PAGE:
Students’ access to mobile phones will be restricted in NSW public schools if a Labor government is elected next year.
Opposition Leader Chris Minns wants to limit the use of phones in public high school classrooms to improve learning and social development.
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“As a parent of three children myself, I’m worried about the impact of phones and devices on our kids,” he said on Monday, “We’re doing this because we think it is important for the wellbeing and educational achievement of our young children.”
Labor will also conduct a review into the impact of technology on children and young people and develop digital media literacy programs with a focus on online ethical behaviours, data privacy and critical thinking.
The mobile phone policy would mirror those in South Australia, Victoria and Western Australia restricting their use along with smartwatches, tablets and headphones – unless students are under the instruction of staff.
Currently, students from kindergarten to year six are not permitted to have mobile phones in their possession during the school day.
Under the proposed policy, public high school students would have their phones turned off during school hours and kept out of sight until the end of the school day.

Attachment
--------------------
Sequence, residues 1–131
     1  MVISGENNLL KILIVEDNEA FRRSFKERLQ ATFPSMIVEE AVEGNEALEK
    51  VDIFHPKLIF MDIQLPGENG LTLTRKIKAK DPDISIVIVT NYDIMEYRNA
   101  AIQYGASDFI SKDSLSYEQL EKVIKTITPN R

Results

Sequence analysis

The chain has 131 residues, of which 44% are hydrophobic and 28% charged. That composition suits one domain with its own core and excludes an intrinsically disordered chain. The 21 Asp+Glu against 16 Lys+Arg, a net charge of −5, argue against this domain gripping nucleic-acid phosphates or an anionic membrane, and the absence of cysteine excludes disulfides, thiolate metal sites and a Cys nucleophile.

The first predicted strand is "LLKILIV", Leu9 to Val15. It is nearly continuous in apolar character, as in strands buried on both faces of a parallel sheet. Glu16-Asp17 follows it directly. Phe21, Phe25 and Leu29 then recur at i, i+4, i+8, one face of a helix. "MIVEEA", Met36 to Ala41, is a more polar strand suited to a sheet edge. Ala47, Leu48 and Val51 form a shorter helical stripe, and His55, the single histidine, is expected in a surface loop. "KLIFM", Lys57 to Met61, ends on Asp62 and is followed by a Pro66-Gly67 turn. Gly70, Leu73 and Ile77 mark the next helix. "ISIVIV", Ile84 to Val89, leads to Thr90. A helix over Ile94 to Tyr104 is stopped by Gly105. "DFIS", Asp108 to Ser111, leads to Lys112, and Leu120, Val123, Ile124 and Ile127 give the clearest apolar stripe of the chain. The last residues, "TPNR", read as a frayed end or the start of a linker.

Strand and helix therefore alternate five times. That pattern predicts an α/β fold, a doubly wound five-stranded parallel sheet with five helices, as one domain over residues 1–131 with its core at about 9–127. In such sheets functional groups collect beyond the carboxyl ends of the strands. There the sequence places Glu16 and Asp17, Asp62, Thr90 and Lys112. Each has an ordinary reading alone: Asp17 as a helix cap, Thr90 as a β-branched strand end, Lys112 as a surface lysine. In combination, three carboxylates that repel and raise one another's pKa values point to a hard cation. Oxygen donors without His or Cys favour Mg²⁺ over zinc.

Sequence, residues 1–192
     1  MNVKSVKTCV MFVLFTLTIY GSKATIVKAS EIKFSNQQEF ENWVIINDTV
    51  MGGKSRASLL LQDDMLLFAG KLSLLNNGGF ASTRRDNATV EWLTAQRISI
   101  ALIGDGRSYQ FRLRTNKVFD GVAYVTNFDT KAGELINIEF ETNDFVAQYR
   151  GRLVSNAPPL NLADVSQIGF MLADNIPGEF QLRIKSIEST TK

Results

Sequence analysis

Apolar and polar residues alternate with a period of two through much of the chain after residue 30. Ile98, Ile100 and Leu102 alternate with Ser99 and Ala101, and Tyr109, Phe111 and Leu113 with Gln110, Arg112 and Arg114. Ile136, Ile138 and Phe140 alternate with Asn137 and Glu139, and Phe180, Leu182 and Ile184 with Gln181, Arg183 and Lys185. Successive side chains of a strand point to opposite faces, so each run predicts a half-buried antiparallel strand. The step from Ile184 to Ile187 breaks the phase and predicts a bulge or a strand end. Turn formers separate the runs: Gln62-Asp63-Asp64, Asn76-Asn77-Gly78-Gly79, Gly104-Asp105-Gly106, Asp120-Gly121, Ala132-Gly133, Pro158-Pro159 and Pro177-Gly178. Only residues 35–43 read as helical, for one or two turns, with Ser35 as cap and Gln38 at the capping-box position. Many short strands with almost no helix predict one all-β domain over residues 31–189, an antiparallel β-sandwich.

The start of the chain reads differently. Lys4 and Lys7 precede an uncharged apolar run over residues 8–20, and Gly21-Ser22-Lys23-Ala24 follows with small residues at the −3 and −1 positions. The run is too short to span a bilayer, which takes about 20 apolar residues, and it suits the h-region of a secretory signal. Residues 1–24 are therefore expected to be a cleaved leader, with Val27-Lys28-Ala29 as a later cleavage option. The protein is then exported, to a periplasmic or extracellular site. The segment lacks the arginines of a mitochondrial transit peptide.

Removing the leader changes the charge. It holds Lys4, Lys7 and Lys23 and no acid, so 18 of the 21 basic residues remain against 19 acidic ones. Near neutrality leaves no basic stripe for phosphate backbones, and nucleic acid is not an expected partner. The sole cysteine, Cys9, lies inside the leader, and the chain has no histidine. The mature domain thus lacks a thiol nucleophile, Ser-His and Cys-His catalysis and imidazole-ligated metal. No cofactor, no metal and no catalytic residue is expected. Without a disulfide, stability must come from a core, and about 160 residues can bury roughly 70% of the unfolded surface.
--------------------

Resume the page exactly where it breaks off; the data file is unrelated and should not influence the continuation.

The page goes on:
Principals of private schools would still be able to exercise their own discretion as to whether students can use phones during school hours.
“Limiting phone use in schools will help cut distractions, deal with cyberbullying and help students catch up academically,” Minns said.
“This will help teachers to teach and students to learn in a focused and supportive environment.”
Seven in every 10 NSW public schools already had bans in place, Premier Dominic Perrottet said.
In circumstances where they were required or desired, the education department worked with schools.
Centre for Digital Wellbeing founder Carla Wilshire says empathy is lacking in the digital world, and that social media is designed to be addictive, adding that a comprehensive education program on ethical online behaviour is needed.
“We know that the types of conversations people have online have less empathy than the types of conversations people have in the real world,” she said.
“For the average 13-year old there will be something like 72 million points of data on them, out in the world by the time they’re 13. That is a phenomenal amount.”
The Heads Up Alliance founders Dany and Cynthia Elachi have been pushing for a similar ban for months and are “thrilled” with the proposal by the opposition.
Dany says they and the parents within their community group pushing to delay the use of smartphones for children until at least year 8, have also been pressing the current government to embrace a policy change.
They call it a “no-brainer issue” and say it will help children socially as well as academically.
“Not only is it an advantage for students in the classroom, but during recess and lunchtime,” they said.
“Many, many schools, teachers and principals are telling us that the children no longer socialise, have forgotten the art of talking to their friends, side-by-side they’re texting each other in the playground,”
– with AAP
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